Though established plants are drought tolerant, prolonged periods of drought may affect the flowering the following season. Mulch around the base and water during prolonged periods of dry weather.

Tree peonies planted in shady position tend to flower less profusely. Cut overhanging branches to allow more light to reach the plant. If this is not possible consider moving it.’

I wonder if you can get some free window cleaning on the back of this accident, Nick?!

Further information:

RHS- Tree Peonies

Plantax 9: Paeonia – physician of the gods

Old School Gardener

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How to Build a Propagation Bench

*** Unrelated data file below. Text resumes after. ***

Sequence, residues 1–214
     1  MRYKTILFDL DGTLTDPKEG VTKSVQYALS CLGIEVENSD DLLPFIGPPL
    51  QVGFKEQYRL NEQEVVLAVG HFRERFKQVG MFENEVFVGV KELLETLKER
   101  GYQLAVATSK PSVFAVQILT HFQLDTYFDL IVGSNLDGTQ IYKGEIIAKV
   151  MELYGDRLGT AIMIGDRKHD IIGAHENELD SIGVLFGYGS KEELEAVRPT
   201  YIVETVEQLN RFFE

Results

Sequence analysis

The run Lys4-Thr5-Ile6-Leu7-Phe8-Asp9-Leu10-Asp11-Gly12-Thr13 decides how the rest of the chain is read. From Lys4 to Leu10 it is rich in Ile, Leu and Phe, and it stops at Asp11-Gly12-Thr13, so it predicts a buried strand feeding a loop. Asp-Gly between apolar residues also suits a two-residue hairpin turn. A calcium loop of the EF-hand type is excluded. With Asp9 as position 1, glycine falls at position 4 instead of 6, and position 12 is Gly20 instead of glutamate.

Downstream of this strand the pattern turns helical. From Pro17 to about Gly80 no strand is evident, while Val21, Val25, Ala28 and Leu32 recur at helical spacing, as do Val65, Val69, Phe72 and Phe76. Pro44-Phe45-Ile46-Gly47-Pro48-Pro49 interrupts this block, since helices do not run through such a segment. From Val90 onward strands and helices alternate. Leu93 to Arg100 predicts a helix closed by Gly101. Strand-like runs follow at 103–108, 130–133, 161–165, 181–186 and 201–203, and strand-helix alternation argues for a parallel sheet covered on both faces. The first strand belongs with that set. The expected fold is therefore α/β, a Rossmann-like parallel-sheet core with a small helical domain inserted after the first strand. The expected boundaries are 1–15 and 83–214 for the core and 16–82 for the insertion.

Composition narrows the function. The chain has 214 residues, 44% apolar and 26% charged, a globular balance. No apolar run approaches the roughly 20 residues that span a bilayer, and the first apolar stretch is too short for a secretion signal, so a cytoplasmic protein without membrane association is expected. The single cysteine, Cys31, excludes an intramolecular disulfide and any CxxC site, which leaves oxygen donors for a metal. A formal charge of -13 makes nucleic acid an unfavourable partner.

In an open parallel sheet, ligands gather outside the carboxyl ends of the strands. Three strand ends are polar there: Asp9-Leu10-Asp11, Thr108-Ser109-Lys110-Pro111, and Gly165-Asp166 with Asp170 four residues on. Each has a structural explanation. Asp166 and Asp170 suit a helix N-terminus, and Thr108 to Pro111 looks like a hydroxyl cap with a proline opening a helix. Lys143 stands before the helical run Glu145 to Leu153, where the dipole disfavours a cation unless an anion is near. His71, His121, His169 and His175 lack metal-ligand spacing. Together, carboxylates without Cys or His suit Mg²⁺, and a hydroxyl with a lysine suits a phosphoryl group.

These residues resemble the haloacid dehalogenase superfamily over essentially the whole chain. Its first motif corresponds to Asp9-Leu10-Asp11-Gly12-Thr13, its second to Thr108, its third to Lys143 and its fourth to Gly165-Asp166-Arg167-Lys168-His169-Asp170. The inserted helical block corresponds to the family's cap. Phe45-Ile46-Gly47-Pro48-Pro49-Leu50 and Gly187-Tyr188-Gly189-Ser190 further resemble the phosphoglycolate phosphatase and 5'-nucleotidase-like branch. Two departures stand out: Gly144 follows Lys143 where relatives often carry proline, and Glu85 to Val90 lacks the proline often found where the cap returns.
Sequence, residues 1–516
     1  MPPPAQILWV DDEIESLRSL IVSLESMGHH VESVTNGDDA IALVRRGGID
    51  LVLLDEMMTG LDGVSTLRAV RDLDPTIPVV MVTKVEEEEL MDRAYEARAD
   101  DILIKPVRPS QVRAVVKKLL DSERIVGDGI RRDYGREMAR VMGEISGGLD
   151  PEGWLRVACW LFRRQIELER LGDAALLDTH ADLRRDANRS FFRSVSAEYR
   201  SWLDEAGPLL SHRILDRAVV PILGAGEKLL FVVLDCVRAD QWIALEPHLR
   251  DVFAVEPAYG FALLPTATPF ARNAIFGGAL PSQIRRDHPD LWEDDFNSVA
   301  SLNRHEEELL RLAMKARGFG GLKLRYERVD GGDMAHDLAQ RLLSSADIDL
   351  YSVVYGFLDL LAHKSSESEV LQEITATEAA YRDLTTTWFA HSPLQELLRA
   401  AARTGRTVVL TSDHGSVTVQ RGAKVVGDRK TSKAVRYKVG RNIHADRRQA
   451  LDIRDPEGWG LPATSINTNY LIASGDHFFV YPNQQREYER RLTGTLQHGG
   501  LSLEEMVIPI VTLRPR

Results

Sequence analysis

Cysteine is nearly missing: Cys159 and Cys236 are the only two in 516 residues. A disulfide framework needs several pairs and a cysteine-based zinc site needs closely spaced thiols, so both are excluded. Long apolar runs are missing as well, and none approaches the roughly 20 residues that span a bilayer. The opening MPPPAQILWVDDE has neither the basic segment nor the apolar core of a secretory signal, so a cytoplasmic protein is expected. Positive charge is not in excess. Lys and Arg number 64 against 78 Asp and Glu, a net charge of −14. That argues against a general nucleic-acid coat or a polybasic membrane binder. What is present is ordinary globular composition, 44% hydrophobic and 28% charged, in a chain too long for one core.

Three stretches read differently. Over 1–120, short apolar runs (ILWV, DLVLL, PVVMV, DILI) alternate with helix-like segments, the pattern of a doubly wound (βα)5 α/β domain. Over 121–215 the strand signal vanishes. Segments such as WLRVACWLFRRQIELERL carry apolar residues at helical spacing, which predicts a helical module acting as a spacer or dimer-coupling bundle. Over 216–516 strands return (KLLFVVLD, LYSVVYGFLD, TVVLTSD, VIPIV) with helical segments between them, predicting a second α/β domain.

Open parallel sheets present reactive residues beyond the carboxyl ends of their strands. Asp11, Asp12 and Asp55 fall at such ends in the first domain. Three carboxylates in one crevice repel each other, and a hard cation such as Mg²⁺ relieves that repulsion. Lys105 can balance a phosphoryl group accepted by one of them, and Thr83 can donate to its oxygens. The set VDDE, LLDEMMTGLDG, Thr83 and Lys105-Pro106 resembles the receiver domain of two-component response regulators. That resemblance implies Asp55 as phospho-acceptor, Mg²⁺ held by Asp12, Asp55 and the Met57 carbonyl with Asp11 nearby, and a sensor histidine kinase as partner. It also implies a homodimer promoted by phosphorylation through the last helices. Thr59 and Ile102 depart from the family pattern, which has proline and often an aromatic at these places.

How to build a propagation bench

Instructions on how to create your own solar – heated bench for propagating seeds and cuttings and looking after seedlings.

Old School Gardener

Conifers can be pretty! Flowers like these help to relieve otherwise ratehr monotonous foliage. Picture by Anne Burgess
Conifers can be pretty! Flowers like these help to relieve otherwise rather monotonous foliage. Picture by Anne Burgess

An interesting question about propagating from hardwood cuttings, this week, from Gary Oakeshott of Dorset:

‘Some conifer cuttings I took during the summer have [produced a hard knobbly base but not roots. what has caused this and will affect rooting?’

Hmm.. Gary, this knobbly surface is called callus and usually develops around a wound when favourable conditions for rooting are provided. It seems to be essential in the process of forming roots. The acidity of the soil can affect the production of callus: too much lime and the callus may be hard and prevent roots from breaking through.